The basic kit is free but you can only build games for Windows. You can buy premium membership and develop for XBox360. You can easily transfer builds from your computer to your XBox over a network cable.  Students can get free Xbox-capable kits to test, but can’t publish. Can’t publish from Australia yet either. MS needs to chat with the Classification Board, but are expecting Australia to come online by the end of the year.

Lots of education materials on

Developers of live community games get a 70/30 split in profits in the developer’s favor.

To submit a game to live community you need premium membership.  Not sure how much this costs. When you submit a game you need to self-rate using a form as part of the upload process. You then add a bunch of other data and upload the binary. This can be 150 megs max. You also select a microsoft points price (MS points are like credit on XBox, you can purchase points with a credit card or a store card like an iTunes card).

This raises all kinds of issues about user created content. What about copyright materials in the game – especially if they contain music and graphics? Microsoft says they bear no responsibility – you’re on your own if you upload illegal or prohibited content.  A lot of people don’t understand copyright in my experience – I’m expecting this to be a learning experience for many.

When you submit it has to go through a peer review process. This process is about content and legal issues, not about the value if the game. There’s a list of prohibited content and it’s meant to be worldwide, so things in the prohibited list reflect the most stringent standards of the most restricted participating country.  Part of this process is identifying copyright materials as well as illegal materials.  MS will inform authorities is you try to upload highly illegal stuff.

Games need to be reviewed by eight people. This is currently taking around 10 hours to complete. Games are then quarantined for 48 hours before becoming available to the world.  You can release timed trials too, so people can play your game for a short time for free.

Microsoft won’t own IP. You are free to republish your games in other formats.

Gcap 08 Friday keynote

Jay Wilbur – Epic. Jay used to be with id software. Jay is speaking about looking at Unreal Engine 3 as middleware.

Showed a demo of Nurien’s Mstar from Korea as an example of an Unreal based game that does not look like a typical Unreal engine game. Game is part of the whole Korean online community thing which is huge.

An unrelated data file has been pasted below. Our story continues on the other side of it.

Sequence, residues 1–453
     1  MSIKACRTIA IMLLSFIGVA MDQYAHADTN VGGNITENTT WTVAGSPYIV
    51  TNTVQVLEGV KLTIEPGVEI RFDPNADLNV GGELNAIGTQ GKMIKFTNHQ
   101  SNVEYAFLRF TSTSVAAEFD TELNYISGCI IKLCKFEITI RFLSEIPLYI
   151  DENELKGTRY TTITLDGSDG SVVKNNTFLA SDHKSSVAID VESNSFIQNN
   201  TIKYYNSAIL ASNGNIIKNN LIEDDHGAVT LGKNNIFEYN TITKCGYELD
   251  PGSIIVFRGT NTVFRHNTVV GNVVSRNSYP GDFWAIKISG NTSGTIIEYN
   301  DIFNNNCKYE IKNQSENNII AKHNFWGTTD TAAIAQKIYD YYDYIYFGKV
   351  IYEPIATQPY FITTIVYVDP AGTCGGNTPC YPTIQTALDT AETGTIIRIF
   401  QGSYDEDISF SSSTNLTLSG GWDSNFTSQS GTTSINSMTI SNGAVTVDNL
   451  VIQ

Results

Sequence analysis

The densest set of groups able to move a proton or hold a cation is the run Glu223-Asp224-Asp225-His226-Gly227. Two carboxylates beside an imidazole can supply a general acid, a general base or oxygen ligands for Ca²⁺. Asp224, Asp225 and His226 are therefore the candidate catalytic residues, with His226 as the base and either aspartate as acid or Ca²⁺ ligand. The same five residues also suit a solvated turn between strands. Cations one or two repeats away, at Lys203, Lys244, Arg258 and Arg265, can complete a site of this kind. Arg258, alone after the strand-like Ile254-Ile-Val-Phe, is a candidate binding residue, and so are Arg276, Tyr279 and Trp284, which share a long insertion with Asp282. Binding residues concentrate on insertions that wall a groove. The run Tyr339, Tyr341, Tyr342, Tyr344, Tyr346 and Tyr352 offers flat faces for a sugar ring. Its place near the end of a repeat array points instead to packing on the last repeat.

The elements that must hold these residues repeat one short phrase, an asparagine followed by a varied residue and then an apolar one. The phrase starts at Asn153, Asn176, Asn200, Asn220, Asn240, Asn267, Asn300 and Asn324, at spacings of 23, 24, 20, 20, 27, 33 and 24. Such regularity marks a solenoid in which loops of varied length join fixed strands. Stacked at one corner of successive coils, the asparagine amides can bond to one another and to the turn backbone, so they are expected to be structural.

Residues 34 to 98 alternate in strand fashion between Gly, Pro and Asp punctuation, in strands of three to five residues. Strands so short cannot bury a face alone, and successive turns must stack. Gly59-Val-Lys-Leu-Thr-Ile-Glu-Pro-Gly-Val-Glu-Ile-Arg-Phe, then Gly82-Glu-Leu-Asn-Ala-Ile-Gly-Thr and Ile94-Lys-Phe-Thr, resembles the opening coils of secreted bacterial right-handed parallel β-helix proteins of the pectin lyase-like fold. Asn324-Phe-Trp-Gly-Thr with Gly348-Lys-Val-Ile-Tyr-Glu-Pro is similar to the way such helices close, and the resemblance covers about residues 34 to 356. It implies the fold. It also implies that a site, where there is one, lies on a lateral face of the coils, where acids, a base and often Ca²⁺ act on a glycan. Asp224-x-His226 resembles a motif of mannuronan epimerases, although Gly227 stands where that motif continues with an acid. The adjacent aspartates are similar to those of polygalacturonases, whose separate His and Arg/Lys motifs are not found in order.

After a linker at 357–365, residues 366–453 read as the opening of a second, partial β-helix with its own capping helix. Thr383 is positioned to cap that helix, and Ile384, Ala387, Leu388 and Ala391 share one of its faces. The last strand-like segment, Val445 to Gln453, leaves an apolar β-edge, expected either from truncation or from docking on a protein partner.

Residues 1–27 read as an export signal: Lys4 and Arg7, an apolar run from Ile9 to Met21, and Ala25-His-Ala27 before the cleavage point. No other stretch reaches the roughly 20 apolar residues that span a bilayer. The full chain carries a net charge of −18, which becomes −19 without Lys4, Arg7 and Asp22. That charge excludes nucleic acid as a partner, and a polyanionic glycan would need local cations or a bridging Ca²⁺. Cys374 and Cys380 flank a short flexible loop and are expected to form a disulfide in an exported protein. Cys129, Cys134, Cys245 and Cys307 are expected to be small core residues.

Jay is really selling the engine, making the point that it does not really make sense to build engine tech from bottom up each time. Game devs can license middleware for use in multiple titles, build libraries of content and realise efficiencies.

Content is the most expensive part of any next generation game. Jay says that this makes it even more vital that companies expend less energy on the engine tech. He says that with licensed tech, content development can start immediately.

Middleware is ‘battle tested’ which makes it more robust, more optimised and more useable because it is well supported by tools.

Middleware is not just the engine. Components can be used in isolation to the engine. For example, physics engines, audio engine.

Jay is now discouraging people from modifying the game engine. He says if you use it out of the box, it’s cheaper , simpler, less risky. Something called ‘support outlets’ which allow developers to share fixes and features. A kind of closed open source thing. In fact, they use an internal mailing list system for support – when a licensee sends an email in to support, all Unreal team people get it. Someone who knows then answers it. Clever. Avoids horrible helpdesk syndrome without exposing tech staff to hammering.

Using the Unreal tools for developing content are recommended – discouraged from using other software. Assets may be created elsewhere, but should be brought into tools early so the tools can produce final assets that are optimized for the engine. In fact, they say to optimize content before code. Overly complex content is major source of performance issues.

Rowan Wyborn from 2K Australia now talking about their experience with Unreal on Tribes:Vengeance, Swat4, Bioshock and a currently unannounced title.

Team is split into core tech (5) and game code (10) teams.

Fast to get games up and running, supports multiplayer and multiplayform out of the box.

On Bioshock 2K did a lot of custom feature creation. This made it difficult to merge their codebase with updates from Unreal. Rowan says this was a mistake and led to a lot of additional work. Now they keep their codebase in sync and use OO techniques and #defines. Makes life complex for coders, but allows them to keep in sync with Unreal codebase.

The interesting thing is that this does not mean you don’t need a solid technology team. What is gained seems to be the ability to maintain traditional sized tech teams on next ten platforms.

Back to Jay.

Unreal Engine being used in movies – a multitrack cinematic linear editor built in. Lazy Town uses unreal for Cg. A number if others are starting to make linear stuff using Unreal. Even Dreamworks have looked at UE for previz.

Again, the whole convergence thing.